Is it possible to move from trading at a bank to a hedge fund?

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    Can one move from a trading role in say commodities or rates and then move to a hedge fund, gain experience and become a portfolio manager? Or is this role only for former analysts from IBD?

    The reason I'm asking is because I often see hedge funds mentioned as an exit opportunity for IbD analysts.
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    anything is possible
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    (Original post by gr8wizard10)
    anything is possible
    But seriously, is it?
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    (Original post by Ladbants)
    But seriously, is it?
    http://news.efinancialcareers.com/uk...-traders-fail/

    http://news.efinancialcareers.com/uk...tment-banking/
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    The first article is complete dog poo.
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    (Original post by Ladbants)
    Can one move from a trading role in say commodities or rates and then move to a hedge fund, gain experience and become a portfolio manager? Or is this role only for former analysts from IBD?

    The reason I'm asking is because I often see hedge funds mentioned as an exit opportunity for IbD analysts.
    Yes.

    There are different types of hedge funds. Not all hedge funds are based on value investing.

    gr8wizard does something in IB so his answer was luke warm like that - he wants to believe that hedge funds only hire from IBD - which is nonsense.

    If you can prove yourself to be a consistently excellent prop trader you'll be extremely attractive to certain types of hedge funds. eg. macro

    Regarding those two articles - look, the truth is that to be a good trader is extremely difficult no matter where you are. The harder something is, the more people fail, the more articles you get like this. If you're really good, you'll succeed anywhere.
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    (Original post by Ladbants)
    Can one move from a trading role in say commodities or rates and then move to a hedge fund, gain experience and become a portfolio manager? Or is this role only for former analysts from IBD?

    The reason I'm asking is because I often see hedge funds mentioned as an exit opportunity for IbD analysts.
    Yes.

    There are different types of hedge funds, there is not just one almighty 'HF'. Bankers usually end up in funds that focus on value based investing strategies (ala deep value, fundamental, merger arbitrage, L/S equity etc) where analysis skills and experience with trawling through financials is paramount.

    Traders in specific desks will tend to map to funds that trade a strategy which incorporates their product (i.e. rates/FX to global macro) or where the fund only focuses on the product they trade.

    The shops that take traders on tend to be more risk management/trading heavy than the value funds.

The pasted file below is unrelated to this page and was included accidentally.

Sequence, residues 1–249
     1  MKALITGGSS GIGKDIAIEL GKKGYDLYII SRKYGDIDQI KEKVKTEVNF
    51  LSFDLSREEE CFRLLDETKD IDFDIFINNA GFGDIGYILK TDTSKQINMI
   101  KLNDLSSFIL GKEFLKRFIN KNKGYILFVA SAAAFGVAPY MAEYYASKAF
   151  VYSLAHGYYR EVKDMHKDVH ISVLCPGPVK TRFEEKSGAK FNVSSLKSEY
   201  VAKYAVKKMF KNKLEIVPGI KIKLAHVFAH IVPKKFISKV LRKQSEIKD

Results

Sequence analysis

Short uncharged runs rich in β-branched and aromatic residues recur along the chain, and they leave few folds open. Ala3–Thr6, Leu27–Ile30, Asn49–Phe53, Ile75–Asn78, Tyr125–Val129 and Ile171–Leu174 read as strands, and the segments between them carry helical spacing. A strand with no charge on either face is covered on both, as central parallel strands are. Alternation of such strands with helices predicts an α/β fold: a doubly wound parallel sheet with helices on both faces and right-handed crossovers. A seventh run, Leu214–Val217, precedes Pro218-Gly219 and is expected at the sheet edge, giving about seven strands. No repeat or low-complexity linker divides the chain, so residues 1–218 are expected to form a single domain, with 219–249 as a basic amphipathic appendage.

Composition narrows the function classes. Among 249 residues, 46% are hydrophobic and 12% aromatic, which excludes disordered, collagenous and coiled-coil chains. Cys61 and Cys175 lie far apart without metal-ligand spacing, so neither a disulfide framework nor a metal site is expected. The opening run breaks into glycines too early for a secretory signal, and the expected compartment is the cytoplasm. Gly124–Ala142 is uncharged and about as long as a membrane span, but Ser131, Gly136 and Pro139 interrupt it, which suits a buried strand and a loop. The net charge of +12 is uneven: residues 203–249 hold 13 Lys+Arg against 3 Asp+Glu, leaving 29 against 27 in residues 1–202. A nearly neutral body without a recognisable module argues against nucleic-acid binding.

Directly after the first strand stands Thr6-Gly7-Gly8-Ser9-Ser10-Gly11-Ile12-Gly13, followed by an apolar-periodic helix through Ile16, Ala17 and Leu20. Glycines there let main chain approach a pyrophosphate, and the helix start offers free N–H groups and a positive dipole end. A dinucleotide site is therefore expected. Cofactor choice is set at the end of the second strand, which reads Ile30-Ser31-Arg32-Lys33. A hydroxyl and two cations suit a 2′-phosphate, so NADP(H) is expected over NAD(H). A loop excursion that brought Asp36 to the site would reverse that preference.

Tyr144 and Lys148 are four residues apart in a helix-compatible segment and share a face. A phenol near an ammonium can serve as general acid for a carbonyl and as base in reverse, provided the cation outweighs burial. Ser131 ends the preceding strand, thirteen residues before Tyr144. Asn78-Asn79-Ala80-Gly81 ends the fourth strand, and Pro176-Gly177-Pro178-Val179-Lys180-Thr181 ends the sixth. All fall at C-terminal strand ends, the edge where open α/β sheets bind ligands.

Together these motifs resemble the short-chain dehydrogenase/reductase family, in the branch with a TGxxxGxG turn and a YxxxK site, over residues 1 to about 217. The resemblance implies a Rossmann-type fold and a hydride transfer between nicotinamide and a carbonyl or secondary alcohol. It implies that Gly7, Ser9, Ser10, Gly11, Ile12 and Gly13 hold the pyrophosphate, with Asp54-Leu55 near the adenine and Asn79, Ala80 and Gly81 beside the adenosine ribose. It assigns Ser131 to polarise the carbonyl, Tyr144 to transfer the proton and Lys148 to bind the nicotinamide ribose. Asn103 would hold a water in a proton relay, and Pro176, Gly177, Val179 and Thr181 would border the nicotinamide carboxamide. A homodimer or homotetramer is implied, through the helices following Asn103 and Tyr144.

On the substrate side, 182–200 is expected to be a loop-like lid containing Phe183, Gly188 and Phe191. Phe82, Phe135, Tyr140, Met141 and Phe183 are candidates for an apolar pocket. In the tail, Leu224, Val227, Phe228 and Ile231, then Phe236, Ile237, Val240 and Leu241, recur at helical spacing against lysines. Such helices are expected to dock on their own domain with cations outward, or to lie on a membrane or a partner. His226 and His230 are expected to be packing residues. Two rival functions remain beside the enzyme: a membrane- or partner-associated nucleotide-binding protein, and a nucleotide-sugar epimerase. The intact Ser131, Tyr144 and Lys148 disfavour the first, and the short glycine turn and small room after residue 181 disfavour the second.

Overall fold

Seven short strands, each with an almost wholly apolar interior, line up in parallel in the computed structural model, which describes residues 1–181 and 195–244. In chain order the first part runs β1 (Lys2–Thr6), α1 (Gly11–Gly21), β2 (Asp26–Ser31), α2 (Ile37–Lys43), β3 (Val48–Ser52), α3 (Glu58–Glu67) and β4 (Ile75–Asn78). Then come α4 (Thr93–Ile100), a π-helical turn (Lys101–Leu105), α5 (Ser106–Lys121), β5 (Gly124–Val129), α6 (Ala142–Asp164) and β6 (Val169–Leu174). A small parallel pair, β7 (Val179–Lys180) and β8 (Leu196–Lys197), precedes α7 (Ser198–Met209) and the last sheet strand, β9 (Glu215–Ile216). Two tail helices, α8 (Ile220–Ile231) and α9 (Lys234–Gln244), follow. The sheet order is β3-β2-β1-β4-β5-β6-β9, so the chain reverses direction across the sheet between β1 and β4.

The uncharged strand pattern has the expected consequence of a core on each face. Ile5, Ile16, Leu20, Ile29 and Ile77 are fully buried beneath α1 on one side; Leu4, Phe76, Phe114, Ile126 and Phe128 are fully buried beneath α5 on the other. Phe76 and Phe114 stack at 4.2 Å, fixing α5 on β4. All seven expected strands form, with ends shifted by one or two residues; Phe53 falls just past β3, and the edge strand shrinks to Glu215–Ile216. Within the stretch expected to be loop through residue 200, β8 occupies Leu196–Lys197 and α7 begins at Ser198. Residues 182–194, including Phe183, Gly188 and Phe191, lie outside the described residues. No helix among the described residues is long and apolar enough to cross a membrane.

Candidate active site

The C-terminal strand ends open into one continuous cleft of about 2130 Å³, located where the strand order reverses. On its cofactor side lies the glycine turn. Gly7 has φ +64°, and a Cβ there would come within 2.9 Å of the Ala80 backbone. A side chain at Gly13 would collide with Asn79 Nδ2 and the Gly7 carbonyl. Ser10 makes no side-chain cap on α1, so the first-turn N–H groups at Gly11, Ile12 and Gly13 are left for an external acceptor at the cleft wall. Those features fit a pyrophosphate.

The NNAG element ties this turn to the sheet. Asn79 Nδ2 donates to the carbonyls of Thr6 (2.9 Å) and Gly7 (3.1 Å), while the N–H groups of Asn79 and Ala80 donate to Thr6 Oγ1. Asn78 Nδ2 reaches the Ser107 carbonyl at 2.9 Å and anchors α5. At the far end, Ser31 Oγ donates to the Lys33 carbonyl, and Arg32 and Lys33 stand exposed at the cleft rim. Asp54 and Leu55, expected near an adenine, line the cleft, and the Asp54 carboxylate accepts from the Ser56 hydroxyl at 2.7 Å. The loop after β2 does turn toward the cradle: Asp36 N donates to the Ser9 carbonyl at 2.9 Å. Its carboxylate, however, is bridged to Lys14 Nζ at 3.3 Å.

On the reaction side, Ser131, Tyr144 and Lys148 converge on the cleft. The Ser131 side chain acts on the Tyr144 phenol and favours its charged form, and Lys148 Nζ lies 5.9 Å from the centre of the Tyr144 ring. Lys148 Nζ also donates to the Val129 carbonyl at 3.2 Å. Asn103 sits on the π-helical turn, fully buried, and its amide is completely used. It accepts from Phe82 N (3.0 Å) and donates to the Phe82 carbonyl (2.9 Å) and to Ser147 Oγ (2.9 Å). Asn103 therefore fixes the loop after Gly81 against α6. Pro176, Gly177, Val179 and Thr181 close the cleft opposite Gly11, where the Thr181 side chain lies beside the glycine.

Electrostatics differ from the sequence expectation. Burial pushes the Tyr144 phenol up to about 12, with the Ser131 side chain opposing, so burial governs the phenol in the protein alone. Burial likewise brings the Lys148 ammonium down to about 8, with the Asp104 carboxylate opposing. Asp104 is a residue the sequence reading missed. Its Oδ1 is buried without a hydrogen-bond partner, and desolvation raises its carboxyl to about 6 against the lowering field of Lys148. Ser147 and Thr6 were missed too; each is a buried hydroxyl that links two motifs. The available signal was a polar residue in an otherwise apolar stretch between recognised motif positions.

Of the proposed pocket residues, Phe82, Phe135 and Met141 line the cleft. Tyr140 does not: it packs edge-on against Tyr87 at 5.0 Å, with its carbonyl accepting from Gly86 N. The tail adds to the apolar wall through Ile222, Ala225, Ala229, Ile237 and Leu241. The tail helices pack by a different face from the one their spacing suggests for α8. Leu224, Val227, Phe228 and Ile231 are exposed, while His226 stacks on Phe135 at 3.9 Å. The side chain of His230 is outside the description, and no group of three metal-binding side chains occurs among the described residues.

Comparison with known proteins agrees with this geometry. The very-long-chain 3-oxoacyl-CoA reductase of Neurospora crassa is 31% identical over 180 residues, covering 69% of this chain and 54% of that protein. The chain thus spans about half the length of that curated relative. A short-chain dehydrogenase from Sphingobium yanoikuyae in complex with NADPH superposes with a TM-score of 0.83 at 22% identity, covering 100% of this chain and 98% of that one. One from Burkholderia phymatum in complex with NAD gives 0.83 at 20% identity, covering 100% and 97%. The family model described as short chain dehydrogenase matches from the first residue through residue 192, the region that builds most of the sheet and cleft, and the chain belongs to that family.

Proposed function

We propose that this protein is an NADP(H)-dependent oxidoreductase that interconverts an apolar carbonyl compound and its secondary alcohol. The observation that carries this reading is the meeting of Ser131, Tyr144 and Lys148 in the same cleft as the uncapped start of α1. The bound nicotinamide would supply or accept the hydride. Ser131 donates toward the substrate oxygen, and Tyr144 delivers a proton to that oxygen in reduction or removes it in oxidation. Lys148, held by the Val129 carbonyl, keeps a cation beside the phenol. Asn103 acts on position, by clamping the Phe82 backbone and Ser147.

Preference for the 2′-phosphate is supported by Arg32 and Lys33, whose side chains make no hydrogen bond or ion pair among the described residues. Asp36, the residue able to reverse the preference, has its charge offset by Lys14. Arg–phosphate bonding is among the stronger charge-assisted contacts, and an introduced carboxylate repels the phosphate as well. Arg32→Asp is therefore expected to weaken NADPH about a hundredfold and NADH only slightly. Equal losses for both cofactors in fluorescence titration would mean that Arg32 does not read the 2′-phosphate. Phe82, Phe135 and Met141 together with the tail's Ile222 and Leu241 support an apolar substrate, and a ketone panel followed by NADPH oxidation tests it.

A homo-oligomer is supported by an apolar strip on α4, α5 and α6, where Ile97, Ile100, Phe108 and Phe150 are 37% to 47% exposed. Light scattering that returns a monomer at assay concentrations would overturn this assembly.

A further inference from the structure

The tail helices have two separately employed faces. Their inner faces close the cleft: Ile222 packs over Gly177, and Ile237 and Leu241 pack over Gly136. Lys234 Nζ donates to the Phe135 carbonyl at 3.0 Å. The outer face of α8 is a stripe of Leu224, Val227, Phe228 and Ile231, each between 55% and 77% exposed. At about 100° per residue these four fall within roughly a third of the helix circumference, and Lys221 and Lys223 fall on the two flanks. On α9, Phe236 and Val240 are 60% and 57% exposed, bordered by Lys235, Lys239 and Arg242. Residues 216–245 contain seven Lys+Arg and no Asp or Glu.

Ofc, it's not easy to branch into HFs but so long as you've got what it takes don't see why you can't.

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    (Original post by MFStarboy)
    Yes.

    There are different types of hedge funds. Not all hedge funds are based on value investing.

    gr8wizard does something in IB so his answer was luke warm like that - he wants to believe that hedge funds only hire from IBD - which is nonsense.

    If you can prove yourself to be a consistently excellent prop trader you'll be extremely attractive to certain types of hedge funds. eg. macro

    Regarding those two articles - look, the truth is that to be a good trader is extremely difficult no matter where you are. The harder something is, the more people fail, the more articles you get like this. If you're really good, you'll succeed anywhere.
    (Original post by Princepieman)
    Yes.

    There are different types of hedge funds, there is not just one almighty 'HF'. Bankers usually end up in funds that focus on value based investing strategies (ala deep value, fundamental, merger arbitrage, L/S equity etc) where analysis skills and experience with trawling through financials is paramount.

    Traders in specific desks will tend to map to funds that trade a strategy which incorporates their product (i.e. rates/FX to global macro) or where the fund only focuses on the product they trade.

    The shops that take traders on tend to be more risk management/trading heavy than the value funds.

    Ofc, it's not easy to branch into HFs but so long as you've got what it takes don't see why you can't.

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    Thanks to both of you! Very helpful
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    These days more and more hedge funds use algorithms so you should deffo not get your hopes up. I'd advise learning a programming language, going for a Maths/CS/Engineering degree, MSc, PhD and then applying for quant trader jobs if you still have a huge urge to do trading
 
 
 
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